A vision thing

David Adams looks at how retailers can take advantage of inventory control and replenishment software to streamline their processes and better meet customer demand.

During the last recession I worked for a while in a branch of a kitchenware and luxury goods chain. It wasn't a great job and one of the highlights of my day was helping unload deliveries of new stock in the basement. Part of the reason I enjoyed this, other than that it was easier than failing to sell saucepans upstairs, was that you were never quite sure what would actually turn up, regardless of what the documentation said ought to be there.

You'd like to think most retailers have now mastered at least these basic inventory and replenishment processes. Indeed, the technology now available means they can combine management of those processes with forecasting, merchandising, space planning and other functions. But the most fundamental role of inventory and replenishment management is still to ensure stock gets to where it should be in the supply chain and/or stores. And in these economically trying times it's also essential to be able to do so at minimum cost.

That doesn't mean this is an area where you can afford to cut corners. "Planning systems tend to be regarded as nice-to-haves, things to put on the back burner in the bad times," says David Cahill, business consultant at BT Expedite. "But that's a false economy. When I started out in retail 30 years ago, the first boss I had said: 'If you get the plan right, everything else should fall into place'. That's as true now as ever."

Mark Croxton, managing director at Aldata Solutions, notes that the difference between now and 30 years ago is that if a customer can't find what they want in the store (or online) the result is not a delayed sale but a lost sale. "People are shopping around so much more," he says. "The customer isn't just going to buy a substitute product. In the current climate, ensuring stock is there when the customer comes in is even more important."

Yet while research shows that many retailers understand the importance of this function, it is still frequently denied adequate financial resources. Almost half (47 per cent) of retailers questioned as part of a new report on inventory management by US company Retail Systems Research (RSR), cite the current state of their technical infrastructure as the primary factor holding back performance in this area.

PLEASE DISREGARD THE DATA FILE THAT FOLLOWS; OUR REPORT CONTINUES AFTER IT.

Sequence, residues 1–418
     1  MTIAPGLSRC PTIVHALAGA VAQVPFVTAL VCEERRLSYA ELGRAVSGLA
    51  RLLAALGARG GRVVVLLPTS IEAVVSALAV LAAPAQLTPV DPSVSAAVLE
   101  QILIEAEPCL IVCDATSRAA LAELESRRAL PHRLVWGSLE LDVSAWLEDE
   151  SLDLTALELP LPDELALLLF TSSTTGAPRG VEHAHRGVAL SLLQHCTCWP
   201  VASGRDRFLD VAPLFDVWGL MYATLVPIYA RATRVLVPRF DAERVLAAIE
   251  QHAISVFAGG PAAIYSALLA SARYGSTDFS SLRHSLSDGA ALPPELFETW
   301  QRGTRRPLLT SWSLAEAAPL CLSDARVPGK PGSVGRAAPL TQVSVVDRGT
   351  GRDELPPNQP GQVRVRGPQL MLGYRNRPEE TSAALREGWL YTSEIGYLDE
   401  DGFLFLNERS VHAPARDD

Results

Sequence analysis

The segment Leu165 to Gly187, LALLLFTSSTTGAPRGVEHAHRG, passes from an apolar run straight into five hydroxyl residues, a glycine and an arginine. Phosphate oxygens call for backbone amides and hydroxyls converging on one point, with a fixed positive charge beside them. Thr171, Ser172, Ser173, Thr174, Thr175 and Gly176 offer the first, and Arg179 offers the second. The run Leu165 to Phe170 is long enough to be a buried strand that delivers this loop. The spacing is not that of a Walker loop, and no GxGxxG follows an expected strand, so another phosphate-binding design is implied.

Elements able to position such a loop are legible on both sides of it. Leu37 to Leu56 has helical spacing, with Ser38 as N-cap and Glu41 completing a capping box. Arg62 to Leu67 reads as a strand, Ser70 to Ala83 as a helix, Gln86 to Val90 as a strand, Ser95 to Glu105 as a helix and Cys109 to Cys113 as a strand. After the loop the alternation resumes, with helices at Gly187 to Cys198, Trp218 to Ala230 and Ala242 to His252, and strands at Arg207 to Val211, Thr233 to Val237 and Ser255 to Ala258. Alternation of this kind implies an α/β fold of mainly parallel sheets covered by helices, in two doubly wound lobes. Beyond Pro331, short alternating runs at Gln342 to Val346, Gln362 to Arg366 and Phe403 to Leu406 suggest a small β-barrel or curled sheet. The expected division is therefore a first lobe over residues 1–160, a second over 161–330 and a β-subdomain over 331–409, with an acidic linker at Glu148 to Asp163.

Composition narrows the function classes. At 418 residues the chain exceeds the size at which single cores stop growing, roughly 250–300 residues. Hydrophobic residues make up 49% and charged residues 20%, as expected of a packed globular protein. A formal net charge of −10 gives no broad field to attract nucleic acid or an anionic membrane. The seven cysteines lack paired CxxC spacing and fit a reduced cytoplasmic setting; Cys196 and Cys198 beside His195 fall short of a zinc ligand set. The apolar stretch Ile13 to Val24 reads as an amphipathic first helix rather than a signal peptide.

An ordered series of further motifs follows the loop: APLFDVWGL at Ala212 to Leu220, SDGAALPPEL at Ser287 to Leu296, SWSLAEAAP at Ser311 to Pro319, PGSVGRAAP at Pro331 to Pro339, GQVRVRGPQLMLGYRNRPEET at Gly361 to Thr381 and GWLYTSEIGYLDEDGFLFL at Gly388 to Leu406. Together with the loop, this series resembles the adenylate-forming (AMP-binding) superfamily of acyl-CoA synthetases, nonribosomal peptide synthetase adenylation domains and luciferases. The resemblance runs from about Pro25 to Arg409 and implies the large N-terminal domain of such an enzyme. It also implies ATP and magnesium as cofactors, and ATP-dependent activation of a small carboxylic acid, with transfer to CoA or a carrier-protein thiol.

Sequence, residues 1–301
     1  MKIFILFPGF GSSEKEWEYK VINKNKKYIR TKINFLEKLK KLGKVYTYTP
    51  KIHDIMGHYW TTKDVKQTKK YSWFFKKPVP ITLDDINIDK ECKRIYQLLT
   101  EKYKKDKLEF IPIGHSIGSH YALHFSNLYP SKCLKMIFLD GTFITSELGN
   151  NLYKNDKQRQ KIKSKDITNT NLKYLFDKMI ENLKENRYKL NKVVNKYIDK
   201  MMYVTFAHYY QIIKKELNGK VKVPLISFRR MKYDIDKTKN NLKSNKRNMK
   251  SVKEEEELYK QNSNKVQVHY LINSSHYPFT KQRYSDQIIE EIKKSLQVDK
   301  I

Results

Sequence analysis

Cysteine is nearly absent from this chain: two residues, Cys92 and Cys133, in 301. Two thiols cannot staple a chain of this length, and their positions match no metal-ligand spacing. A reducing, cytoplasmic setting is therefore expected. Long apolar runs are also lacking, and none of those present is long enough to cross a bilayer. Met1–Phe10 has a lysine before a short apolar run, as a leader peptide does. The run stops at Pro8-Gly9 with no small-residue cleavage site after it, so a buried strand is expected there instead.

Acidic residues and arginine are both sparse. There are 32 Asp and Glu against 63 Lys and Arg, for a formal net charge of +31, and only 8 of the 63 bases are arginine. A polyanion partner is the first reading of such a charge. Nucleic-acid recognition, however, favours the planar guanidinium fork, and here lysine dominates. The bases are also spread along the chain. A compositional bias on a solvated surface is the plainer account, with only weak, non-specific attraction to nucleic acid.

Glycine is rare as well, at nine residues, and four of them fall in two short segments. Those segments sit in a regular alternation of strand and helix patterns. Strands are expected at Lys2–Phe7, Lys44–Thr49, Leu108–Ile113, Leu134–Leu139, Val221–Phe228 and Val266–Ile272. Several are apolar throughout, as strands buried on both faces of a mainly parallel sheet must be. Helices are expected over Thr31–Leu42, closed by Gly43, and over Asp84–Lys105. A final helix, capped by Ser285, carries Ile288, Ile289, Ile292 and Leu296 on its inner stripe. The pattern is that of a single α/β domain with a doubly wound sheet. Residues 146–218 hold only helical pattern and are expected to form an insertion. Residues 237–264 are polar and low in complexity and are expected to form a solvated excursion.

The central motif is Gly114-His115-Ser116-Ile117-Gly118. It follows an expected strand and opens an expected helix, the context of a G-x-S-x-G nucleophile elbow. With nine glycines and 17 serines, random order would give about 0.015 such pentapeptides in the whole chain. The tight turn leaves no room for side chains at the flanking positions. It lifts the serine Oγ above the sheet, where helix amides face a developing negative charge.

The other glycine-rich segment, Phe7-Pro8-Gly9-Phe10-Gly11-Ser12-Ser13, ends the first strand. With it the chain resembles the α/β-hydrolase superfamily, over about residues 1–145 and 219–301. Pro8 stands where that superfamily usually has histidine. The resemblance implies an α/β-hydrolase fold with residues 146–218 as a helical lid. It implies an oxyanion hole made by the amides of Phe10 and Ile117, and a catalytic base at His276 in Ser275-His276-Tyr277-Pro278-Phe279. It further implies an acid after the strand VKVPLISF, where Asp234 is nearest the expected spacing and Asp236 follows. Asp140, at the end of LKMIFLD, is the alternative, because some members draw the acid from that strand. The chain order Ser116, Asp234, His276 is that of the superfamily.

If the budget is available, there's no good reason why this should be the case. "Nowadays we have providers that can position a planning application in the centre of the infrastructure and get it integrated with the rest of the product set, so sales, stocks and performance data all flow into planning applications," says Cahill.

Despite the recession, retailers of all kinds are investigating the potential benefits of such integrated solutions. Aldata's Croxton points to clients including the Midlands Co-op that are integrating availability, inventory and promotions management; to grocery retailers investing in improved inventory management for fresh food; and to work being done by retailers with more specific requirements, like chocolate retailer Thorntons, which deals with huge seasonal peaks in demand around occasions like Valentine's Day or Mother's Day.

More advanced technology also enables retailers to tie inventory and replenishment more closely into assortment planning for individual stores. "Retailers are getting more strategic in the way they plan assortment, given the specific demographics and the geographical location of a store," says Razat Gaurav, SVP customer operations at i2.

But ensuring stock availability in store is still the top priority for many retailers. "On-shelf availability is probably one of the biggest issues in most retailers' boardrooms at the moment," says Alan Braithwaite, chairman of supply chain and logistics specialist LCP Consulting, and visiting professor at the Cranfield School of Management.

Plus points

Another very useful attribute of a replenishment solution, then, is an ability to measure availability accurately. The problem is that many systems fail to differentiate between goods that have arrived at a store but have not yet made it to the shelf. Famously, Tesco only realised their view of on-shelf availability was inaccurate when they first started picking goods in-store for home delivery of online shopping. Braithwaite believes that a detailed examination of what's happening at shelf level can result in huge cost and efficiency gains for retailers of many different kinds. One metric he and his colleagues have proved is that a one per cent improvement in availability can lead to a six per cent rise in sales.